By Michael Hurley, CBS Boston
BOSTON (CBS) — Oh, thank goodness. It’s almost time for some actual football.
Yeah, it has been an absolute blast to spend the last week wildly speculating about the sadness levels of Bill Belichick, and analyzing how terrible of a teammate Tom Brady has been, and questioning if there’s any future for Robert Kraft’s dynasty. It’s been fun crowning Jimmy Garoppolo as the Greatest Young Quarterback In The NFL and reeling in agony at the Patriots’ foolhardy move to let him go — so fun, in fact, that if you weren’t careful, you would’ve forgotten that there is an actual football game to be played this weekend.
Fortunately, the time for kickoff is approaching rapidly, and we’ll soon find out whether the Patriots will be moving on to the AFC Championship Game or if their season will be ended by a confident Titans team at Gillette Stadium.
Here’s What To Watch For when these teams finally kick off on Saturday night.
Will Brady Be Brady?
Tom Brady had an excellent season on the whole. He’s a lock to win the NFL MVP award. But he ended the year looking more like Blake Bortles than Tom Brady, throwing six touchdowns and five interceptions with an 81.6 passer rating over the final five games of the regular season.
The Patriots still went 4-1 in those games, scoring an average of 27 points per game, so perhaps it’s not a full-on crisis. At the same time, the significance of interceptions is always magnified in January, and if the Patriots are going to make the Super Bowl run they hope to make, Brady’s likely going to have to carry the team for stretches during this postseason run.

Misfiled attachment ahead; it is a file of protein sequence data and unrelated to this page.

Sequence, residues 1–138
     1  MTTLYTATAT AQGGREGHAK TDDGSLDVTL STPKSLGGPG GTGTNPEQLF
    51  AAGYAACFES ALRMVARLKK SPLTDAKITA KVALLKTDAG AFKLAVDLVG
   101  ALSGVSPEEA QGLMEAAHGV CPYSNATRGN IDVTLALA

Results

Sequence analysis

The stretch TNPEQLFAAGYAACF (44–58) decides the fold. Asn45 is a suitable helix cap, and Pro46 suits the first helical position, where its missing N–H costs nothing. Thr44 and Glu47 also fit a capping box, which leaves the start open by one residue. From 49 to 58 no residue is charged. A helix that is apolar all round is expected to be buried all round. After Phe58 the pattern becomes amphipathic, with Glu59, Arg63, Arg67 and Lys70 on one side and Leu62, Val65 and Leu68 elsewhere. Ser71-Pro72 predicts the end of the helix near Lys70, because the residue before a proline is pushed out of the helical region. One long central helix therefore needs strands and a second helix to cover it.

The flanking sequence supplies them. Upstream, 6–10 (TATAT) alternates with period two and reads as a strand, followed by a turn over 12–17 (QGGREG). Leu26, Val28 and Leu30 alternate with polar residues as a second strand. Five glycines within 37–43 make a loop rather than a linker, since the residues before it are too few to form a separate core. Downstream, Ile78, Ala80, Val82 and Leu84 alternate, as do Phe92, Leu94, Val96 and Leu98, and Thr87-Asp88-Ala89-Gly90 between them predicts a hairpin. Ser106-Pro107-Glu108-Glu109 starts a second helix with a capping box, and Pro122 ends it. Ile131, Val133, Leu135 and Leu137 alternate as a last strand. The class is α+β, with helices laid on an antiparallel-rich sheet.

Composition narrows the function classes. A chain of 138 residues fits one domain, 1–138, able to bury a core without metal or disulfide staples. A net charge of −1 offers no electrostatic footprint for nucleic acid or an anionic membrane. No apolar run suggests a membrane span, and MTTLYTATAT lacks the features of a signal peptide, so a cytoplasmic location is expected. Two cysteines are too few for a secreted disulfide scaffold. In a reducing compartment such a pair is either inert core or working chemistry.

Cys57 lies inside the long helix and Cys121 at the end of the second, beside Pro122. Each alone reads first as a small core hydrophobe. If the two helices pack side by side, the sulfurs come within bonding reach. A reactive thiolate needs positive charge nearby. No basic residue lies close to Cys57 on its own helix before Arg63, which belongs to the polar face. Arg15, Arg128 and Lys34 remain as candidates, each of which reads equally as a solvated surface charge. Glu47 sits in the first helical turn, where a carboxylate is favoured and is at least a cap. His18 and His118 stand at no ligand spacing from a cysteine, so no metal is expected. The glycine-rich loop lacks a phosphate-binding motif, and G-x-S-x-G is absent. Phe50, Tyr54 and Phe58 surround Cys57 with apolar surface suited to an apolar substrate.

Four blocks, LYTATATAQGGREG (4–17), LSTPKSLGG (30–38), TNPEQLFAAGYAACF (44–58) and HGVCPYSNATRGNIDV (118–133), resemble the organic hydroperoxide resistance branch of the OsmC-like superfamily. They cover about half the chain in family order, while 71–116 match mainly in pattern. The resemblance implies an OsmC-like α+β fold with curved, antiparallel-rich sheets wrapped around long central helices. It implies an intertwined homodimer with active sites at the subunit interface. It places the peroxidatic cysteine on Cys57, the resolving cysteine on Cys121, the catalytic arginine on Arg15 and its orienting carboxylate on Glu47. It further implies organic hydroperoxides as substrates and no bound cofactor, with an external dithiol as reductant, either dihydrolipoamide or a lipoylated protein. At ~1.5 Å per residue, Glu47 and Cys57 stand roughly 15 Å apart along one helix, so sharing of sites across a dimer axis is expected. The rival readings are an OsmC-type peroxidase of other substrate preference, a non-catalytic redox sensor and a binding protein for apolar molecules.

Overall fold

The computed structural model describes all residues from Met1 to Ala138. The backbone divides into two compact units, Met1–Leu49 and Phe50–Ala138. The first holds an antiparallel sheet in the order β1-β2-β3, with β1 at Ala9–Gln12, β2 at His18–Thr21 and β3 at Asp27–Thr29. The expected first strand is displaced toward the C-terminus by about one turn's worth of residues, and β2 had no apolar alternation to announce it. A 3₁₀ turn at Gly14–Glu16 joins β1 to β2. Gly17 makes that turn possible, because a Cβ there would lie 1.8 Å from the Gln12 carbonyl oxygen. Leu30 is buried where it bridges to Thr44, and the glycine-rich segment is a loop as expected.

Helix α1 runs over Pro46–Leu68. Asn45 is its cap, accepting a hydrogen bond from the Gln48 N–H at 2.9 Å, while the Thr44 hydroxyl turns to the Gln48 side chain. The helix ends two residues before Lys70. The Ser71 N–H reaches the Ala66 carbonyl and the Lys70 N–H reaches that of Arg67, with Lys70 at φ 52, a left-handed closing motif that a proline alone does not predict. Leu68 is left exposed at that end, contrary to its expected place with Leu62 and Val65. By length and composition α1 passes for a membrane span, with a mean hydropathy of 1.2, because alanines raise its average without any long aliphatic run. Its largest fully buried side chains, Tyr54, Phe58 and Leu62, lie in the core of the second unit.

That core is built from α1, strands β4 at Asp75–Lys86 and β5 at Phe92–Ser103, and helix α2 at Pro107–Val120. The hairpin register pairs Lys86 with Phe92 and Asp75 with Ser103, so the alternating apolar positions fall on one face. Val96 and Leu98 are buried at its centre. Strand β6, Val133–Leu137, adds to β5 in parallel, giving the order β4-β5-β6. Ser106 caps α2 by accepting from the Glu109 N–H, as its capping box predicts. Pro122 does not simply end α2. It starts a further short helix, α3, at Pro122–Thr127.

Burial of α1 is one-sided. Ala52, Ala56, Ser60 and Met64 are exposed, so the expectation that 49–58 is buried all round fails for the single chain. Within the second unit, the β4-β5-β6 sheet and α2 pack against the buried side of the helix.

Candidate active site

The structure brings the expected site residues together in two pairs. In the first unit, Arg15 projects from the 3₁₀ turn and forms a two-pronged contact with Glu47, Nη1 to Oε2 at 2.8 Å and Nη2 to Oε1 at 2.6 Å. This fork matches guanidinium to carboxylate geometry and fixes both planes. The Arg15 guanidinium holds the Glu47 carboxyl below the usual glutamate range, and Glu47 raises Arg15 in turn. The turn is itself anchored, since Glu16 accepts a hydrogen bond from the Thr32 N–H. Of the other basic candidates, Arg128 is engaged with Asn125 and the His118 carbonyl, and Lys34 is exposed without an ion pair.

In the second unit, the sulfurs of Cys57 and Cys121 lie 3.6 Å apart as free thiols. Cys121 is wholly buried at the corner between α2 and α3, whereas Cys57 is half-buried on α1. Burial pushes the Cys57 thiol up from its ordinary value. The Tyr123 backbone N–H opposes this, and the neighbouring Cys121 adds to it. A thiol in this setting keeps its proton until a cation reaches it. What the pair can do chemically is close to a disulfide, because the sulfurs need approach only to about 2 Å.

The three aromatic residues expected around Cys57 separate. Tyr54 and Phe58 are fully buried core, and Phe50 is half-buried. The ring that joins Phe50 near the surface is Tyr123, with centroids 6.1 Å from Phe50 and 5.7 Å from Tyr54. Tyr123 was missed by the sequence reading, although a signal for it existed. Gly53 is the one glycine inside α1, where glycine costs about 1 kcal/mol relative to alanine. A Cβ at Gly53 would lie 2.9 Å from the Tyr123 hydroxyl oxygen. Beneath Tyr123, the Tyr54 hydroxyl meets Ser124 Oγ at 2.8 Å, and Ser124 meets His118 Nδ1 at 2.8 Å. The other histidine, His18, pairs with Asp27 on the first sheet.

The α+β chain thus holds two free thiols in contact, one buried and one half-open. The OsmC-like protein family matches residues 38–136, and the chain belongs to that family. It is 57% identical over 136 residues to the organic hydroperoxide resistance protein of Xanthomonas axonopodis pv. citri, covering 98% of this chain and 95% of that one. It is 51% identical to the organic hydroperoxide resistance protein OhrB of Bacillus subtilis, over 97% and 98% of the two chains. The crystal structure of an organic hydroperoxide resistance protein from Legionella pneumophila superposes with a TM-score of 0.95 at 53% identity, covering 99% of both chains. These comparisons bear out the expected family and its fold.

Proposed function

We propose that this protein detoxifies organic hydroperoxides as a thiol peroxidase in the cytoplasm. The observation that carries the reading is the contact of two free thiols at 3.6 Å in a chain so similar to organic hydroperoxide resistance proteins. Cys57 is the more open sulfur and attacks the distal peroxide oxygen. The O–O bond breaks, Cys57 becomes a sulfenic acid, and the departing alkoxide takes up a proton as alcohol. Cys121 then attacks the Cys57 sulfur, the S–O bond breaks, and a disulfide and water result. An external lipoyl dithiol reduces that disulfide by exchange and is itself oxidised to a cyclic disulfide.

Brady should have his chances against Tennessee, too. The Titans allowed over 3,800 passing yards this season, ranking 25th in the NFL. They were tied for 24th in touchdown passes allowed with 27. And they ranked 16th in opponents’ passer rating.
Considering Brady’s had two weeks to rest, and considering he’s historically owned defenses coached by Dick LeBeau, and considering it’s not supposed to be a bitterly cold night in Foxboro, this figures to be a golden opportunity for the quarterback to regain his MVP form.
The Turnover Game
The Patriots went 13-3. The Titans went 9-7.
While there’s no A-to-A comparison to explain such a wide discrepancy, the turnover numbers help.
The Patriots had a plus-6 turnover ratio, after forcing 18 turnovers and turning it over 12 times themselves.
The Titans had a minus-4 turnover ratio. They actually forced 21 turnovers, but they turned the ball over 25 times. That included 15 interceptions thrown by Marcus Mariota,
The third-year quarterback was able to overcome an interception deep in Chiefs territory last weekend, but a similar miscue in Foxboro might prove to be too much for the Titans to get past.
It also works the other way. If Brady — who threw an interception in five straight games for the first time since 2002 — makes an errant throw or two (the way he did in the divisional round vs. the Texans last year), then it could be enough to keep the Titans in the game.